The bad case to watch for is a scenario that includes
- prolonged electrical outages and brownouts -- a bane of electronics production
- a disrupted transportation system (both internal to Japan and via ships for export)
- an inability to repair and restore damaged factories and production infrastructure
- a months-long period of social unrest caused by an inability to put the earthquake and tsunami behind sufferers due to lack of food, water, housing, transportation, and knowledge of the fate of loved ones
- a faltering government response including leadership, monetary policy, police, and moral suasion.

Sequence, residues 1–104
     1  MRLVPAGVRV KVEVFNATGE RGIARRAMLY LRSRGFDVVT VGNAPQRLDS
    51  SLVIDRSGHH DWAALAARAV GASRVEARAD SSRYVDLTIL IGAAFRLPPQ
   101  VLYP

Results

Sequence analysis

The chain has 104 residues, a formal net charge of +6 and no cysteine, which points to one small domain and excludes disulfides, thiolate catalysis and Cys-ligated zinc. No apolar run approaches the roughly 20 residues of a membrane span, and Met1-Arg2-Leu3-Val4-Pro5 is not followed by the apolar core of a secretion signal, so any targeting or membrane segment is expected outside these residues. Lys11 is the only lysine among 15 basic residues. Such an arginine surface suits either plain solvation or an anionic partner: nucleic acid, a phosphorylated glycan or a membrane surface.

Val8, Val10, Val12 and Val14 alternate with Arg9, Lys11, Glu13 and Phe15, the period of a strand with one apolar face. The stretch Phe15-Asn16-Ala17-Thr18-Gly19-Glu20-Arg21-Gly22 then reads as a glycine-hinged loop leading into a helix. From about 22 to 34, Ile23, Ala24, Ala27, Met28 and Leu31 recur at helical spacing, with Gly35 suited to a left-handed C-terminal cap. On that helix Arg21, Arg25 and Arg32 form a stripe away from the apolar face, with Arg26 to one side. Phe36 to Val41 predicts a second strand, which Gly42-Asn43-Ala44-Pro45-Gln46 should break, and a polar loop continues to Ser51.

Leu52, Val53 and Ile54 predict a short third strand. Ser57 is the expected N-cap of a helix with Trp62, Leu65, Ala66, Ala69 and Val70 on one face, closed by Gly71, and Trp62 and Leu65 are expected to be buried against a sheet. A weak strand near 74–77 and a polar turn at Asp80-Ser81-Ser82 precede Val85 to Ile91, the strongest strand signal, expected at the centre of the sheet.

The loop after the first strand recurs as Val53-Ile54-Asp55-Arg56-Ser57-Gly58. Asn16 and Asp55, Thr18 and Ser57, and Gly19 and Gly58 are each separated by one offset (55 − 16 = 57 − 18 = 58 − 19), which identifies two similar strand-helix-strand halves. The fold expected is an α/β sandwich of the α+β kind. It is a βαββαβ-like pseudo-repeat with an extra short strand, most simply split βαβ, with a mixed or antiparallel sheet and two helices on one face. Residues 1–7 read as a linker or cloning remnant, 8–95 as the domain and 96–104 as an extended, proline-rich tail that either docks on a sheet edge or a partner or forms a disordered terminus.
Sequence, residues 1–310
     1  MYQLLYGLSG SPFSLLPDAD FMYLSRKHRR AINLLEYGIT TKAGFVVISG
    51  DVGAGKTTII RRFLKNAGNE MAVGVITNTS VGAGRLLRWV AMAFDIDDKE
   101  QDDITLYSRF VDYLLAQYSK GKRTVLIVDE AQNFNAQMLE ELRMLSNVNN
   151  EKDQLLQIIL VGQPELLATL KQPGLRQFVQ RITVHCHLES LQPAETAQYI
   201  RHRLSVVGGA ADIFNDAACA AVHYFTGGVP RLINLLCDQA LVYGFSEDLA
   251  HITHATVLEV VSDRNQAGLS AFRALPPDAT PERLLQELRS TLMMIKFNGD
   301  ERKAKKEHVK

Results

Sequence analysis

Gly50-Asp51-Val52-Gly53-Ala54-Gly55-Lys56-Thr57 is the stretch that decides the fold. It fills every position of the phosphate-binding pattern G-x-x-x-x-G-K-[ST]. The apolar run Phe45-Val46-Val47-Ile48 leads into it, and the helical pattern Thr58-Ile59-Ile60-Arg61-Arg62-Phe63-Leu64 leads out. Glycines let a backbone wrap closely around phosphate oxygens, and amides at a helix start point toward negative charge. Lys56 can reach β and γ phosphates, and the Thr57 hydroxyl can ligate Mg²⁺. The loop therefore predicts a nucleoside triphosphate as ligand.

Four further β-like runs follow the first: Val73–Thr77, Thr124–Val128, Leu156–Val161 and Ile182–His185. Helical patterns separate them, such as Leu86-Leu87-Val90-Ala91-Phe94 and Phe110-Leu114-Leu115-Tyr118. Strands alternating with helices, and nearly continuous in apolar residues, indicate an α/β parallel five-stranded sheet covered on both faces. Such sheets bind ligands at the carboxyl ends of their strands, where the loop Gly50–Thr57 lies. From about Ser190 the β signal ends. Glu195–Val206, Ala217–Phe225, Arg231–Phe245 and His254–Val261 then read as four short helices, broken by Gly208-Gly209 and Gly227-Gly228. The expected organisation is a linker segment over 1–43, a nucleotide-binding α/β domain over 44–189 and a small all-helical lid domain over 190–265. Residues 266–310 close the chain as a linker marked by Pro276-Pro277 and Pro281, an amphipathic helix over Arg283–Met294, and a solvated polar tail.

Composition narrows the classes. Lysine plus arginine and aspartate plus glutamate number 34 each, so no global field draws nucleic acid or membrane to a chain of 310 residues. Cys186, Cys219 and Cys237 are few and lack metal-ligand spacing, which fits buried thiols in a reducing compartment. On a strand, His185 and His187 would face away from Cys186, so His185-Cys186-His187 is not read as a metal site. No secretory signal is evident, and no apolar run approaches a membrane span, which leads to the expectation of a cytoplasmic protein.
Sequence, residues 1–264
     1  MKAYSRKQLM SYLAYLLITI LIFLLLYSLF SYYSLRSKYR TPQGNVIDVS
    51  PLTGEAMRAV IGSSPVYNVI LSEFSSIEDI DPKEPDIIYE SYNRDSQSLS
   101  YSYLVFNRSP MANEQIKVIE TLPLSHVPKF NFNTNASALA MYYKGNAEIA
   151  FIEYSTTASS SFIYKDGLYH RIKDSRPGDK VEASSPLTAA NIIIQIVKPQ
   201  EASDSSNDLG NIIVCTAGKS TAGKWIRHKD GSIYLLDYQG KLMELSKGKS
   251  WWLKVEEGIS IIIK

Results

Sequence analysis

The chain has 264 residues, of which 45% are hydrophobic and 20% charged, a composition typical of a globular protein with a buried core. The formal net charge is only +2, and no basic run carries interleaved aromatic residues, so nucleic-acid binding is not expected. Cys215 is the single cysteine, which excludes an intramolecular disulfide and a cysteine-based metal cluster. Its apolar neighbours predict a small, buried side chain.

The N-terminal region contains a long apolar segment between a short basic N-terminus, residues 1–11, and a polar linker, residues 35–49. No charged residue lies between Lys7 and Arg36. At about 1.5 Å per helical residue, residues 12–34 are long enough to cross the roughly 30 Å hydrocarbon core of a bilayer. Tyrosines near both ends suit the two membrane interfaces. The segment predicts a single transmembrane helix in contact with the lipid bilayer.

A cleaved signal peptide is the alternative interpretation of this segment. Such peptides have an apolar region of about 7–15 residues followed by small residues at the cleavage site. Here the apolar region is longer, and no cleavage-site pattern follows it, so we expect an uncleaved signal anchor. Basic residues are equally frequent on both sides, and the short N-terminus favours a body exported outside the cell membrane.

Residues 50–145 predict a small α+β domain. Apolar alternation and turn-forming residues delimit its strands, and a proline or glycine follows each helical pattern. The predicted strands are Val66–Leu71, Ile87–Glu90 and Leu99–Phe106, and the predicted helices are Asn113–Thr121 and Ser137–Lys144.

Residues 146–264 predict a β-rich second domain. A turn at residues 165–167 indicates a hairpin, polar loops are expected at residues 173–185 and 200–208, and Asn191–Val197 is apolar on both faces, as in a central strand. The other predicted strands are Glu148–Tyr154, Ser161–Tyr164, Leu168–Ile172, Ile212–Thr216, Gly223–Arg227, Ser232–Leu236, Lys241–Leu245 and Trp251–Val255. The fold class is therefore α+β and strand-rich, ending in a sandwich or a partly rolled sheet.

As of this morning, I'm very concerned that the bad case is quite possible -- no one still has the whole scope of the damage, the time it will take to get back to a semblance of a modern economy, and the resulting impact on the global electronics supply chain.
Like the threat of the SARS virus in 2003 closing China's factories to the world, the earthquake may have wiped out or seriously impacted a double-digit cohort of the electronics components industry. If Japan's output is inhibited more than a few more days, the impact on Q2-2011 and subsequent quarterly revenues of major electronics products companies will head south quickly.
DRAM prices on the spot market jumped 5% yesterday as companies moved to shore up inventories.
I think the needed process is called "watchful waiting", an apt expression.